As a specialty food and wine retailer, importer, and distributor in the San Francisco Bay Area during the 1980s and 1990s, Roberta Klugman actively participated and keenly observed what is now recognized as the American culinary renaissance. For several years she served as executive director of The American Institute of Wine & Food. Founding Klugman & Associates in 2001, she develops and implements strategic communications, events, and educational programs for the food and wine industry.


1. When did you first decide you wanted to make food your career?
In the early 1980s while working at Narsai’s Market in Kensington (north Berkeley).

2. How did you get where you are today in the food business?
The first part was realizing that I so enjoyed working with food and discovered it could be a profession, a career and not limited to just restaurants. Always learning and being curious about foodways, culture and cuisine kept opening new opportunities.

3. What is your favorite food experience?
I have been fortunate that there are so many food experiences that continue to make me smile. reminding me of where I was, the tastes, aromas, and who was there. I point to the early Tastings of Summer Produce back around 1986 at the Oakland Museum (though this was not first but rather the first one I attended). That tasting –the range of tomatoes, purple potatoes, golden raspberries, and the dinner with grilled peaches combined with the gathering of such passionate people–was like no other food experience. And of course, now we have such fabulous produce readily available and year around. Thank you Sibella Kraus!

And what about that “a ha!” moment when I first tasted a Cocolat truffle? Thank you Alice Medrich!

4. If you had one last meal, what would it be?
Something my mother made. I have such fond memories of creamed asparagus (canned or frozen, no fresh asparagus in the frozen north) on toast—always whole wheat—and her chocolate cake with chocolate fudge frosting.

5. What is the most exciting thing going on in food right now, in your opinion?
The knowledge that people from all walks of life have about food, wine, beer and the interest/appreciation they have. Also the quest for growing and producing good, better food is happening throughout the nation and world.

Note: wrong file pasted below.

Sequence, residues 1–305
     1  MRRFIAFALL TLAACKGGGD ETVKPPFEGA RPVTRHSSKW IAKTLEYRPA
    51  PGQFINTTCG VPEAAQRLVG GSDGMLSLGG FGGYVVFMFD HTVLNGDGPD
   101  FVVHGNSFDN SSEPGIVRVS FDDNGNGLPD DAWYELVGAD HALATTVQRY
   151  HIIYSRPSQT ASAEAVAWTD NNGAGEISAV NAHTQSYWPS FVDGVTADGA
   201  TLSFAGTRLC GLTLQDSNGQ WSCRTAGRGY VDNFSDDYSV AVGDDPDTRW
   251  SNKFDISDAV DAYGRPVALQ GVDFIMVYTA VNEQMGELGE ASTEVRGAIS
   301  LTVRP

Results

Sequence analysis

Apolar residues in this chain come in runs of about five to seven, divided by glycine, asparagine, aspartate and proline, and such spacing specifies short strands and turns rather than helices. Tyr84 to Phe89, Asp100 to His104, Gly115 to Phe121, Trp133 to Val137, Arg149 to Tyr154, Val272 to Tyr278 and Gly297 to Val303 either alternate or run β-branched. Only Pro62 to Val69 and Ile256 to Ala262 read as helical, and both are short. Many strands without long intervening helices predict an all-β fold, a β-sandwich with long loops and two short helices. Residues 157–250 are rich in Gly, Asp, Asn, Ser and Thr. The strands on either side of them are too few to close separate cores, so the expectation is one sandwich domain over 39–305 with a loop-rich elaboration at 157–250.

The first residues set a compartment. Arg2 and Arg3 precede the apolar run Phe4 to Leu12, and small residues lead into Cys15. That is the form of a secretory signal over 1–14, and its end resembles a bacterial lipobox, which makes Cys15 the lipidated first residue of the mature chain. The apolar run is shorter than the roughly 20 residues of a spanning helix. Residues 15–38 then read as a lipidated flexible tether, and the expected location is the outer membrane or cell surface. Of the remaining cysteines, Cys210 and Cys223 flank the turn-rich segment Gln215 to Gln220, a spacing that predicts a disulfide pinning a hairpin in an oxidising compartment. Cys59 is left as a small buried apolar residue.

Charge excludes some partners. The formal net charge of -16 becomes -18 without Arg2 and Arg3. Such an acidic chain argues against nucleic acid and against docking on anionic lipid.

6. What advice do you have for young people who wanted a career in food?
Figure out what you like, what you like to do and learn as much as you can, keep tasting and become a better writer. Learn how to write well.

7. What condiment is always in your refrigerator?
Colatura –Italian fish sauce, truly the essence of anchovy. I add, I always have a big wedge of Parmigiano Reggiano in the fridge.

8. What was your first cookbook?
The first cookbook I bought was The Art of Greek Cookery by the Woman of St. Paul’s Greek Orthodox Church based on the “The Grecian Gourmet.”
And yes, that is the full title on the cover.

9. What cookbook could not live without?
Rosetta Costantino’s and Janet Fletcher’s My Calabria. Though I do find myself returning to the Joy of Cooking (my second cookbook) and specific subject books. By the way, I have a cookbook library nearing 1,500 volumes.

10. What is your go-to recipe for entertaining?
I most often will do some sort of risotto, especially around fava bean and asparagus time of year. In the winter, it is with mushrooms and the occasional white truffle.

11. Where do you shop for food?
Rockridge Market Hall covers all my food and wine shopping needs, augmented by the Farmer’s Market and Three Stone Hearth.

12. What are you working on today and how will it impact your career/business?
At this stage of my career, it is more about helping those with whom I work, to accomplish their objectives and help set/meet career goals.

13. Are you involved with a food non-profit? If so, which one and what do you do?
I co-chair the Les Dames d’Escoffier San Francisco Chapter Karola Saekel Craib Excellence in Food Journalism Fellowship. Each year, since 2010, we present a no-strings-attached financial award, now at $2500. I also co-chair the Good Food Awards Oil Committee.

14. What chefs or blogs do you follow?
Janet Fletcher’s Planet Cheese, anything Anissa Helou writes or posts, David Lebovitz, Rosetta Costantino, Cooking with Rosetta, Melissa Clark.

15. What project are you working on now?
A lot of my work revolves around olive oil and educating about extra virgin olive oil. I also have a great project around Robin Sloan’s new novel, SOURDOUGH.

16. Have you held SFPFS board positions in the past?
YES! I was the very first Scholarship Chair, followed by Special Events Chair, Program Chair, and President in 1992.

17. What have you gained  from being a member of the SFPFS?
As a newcomer to the food profession, back in 1984 or so, joining the SFPFS meant I was a food professional. The board and members were welcoming and supportive. The programs and events were geared to educating, networking, and bettering the profession. I am proud to have both participated and contributed. I treasure the friendships and professional relationships made over the past 30 + years.

More information about the Karola Saekel Craib Excellence in Food Journalism Fellowship is available HERE.

Other websites of interest to Roberta: and